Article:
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Pharmacotherapy of Obesity

Currently Marketed and Upcoming Agents


In many industrialized nations, obesity is now considered an epidemic, resulting in accelerated morbidity and mortality. Obesity is associated with an increased risk of coronary artery disease as well as the metabolic syndrome comprising abdominal obesity, increased fasting blood glucose levels, dyslipidemia and hypertension, which are all recognized cardiovascular risk factors. Diet, exercise, and lifestyle changes constitute important recommendations for treatment. Unfortunately, although effective in some individuals, these recommendations have proven to be ineffective in adequately addressing the broad, enlarging scope of this public health problem.

Drug treatment is often indicated but is somewhat limited by the minimal number of well tolerated drugs that have proven to have long-term efficacy in maintaining bodyweight loss. For example, phentermine may result in modest bodyweight loss through suppression of appetite, but potential cardiovascular adverse effects exist and the efficacy is mainly short-term. Sibutramine, an inhibitor of serotonin and norepinephrine (noradrenaline) reuptake, may increase satiety and result in modest bodyweight loss. However, cardiovascular adverse effects may occur in susceptible patients. Nonetheless, sibutramine is one of the few drugs that has been approved by the US Food and Drug Administration (FDA) for bodyweight loss. Orlistat, a lipase inhibitor, is also approved by the FDA for bodyweight loss but may have bothersome gastrointestinal adverse effects, especially among patients who do not adhere to the recommended low-fat diet. Ongoing studies continue to evaluate other drug treatments that may result in bodyweight reduction through a number of different mechanisms.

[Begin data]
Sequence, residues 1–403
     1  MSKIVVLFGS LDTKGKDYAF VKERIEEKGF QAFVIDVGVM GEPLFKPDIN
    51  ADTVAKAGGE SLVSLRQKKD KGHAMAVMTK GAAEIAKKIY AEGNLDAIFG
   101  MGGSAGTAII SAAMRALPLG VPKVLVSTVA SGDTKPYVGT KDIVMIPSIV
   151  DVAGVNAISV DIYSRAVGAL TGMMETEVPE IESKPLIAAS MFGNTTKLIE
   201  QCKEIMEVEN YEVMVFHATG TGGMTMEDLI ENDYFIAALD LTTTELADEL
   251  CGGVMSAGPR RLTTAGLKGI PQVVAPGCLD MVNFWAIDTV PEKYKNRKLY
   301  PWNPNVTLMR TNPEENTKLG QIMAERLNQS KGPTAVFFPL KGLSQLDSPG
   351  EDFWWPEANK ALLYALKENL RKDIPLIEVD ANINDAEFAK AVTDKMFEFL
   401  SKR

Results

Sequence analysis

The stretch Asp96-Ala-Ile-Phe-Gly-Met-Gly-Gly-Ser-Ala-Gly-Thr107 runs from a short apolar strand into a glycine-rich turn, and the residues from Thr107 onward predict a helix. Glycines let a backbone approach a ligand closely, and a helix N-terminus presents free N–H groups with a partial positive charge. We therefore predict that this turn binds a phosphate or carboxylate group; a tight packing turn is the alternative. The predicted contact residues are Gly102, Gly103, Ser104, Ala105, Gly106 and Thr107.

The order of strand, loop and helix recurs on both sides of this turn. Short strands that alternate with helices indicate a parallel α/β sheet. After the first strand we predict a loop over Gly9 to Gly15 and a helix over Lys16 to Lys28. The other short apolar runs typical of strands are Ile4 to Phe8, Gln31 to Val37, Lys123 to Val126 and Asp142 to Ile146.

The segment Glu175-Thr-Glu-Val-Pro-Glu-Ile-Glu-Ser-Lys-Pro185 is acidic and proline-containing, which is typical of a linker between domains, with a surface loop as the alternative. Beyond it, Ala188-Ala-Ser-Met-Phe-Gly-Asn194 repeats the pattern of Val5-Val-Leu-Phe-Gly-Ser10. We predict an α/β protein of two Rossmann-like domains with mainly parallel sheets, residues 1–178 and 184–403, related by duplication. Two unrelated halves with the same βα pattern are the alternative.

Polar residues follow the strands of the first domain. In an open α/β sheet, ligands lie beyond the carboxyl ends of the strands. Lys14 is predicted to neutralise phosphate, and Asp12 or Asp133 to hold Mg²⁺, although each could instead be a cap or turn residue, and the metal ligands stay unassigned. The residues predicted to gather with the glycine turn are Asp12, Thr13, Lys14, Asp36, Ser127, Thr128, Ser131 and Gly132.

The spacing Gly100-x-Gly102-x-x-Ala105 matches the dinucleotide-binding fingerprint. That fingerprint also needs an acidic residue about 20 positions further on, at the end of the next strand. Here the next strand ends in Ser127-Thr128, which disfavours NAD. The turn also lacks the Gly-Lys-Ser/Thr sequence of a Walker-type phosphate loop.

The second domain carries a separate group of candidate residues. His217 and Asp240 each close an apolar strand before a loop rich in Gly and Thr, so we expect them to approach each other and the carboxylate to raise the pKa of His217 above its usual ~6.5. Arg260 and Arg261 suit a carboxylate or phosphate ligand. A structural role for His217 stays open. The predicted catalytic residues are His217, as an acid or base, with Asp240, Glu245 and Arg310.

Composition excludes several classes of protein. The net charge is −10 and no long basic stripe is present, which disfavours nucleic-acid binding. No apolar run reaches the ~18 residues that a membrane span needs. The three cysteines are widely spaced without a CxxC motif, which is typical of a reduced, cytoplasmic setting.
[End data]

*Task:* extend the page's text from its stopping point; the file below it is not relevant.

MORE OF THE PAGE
It is anticipated that the development of effective and well tolerated antiobesity drugs will elevate the pharmacologic treatment of obesity to the status of other cardiovascular risk factors and metabolic disorders. This may be especially important given that dyslipidemia, hypertension and type 2 diabetes mellitus are often secondary to, or exacerbated by, obesity.

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Correspondence to Carlos Dujovne.

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Bays, H., Dujovne, C. Pharmacotherapy of Obesity. Am J Cordiovosc Drugs 2, 245–253 (2002).

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  • Obesity
  • Orlistat
  • Rimonabant
  • Sibutramine
  • Coronary Heart Disease Event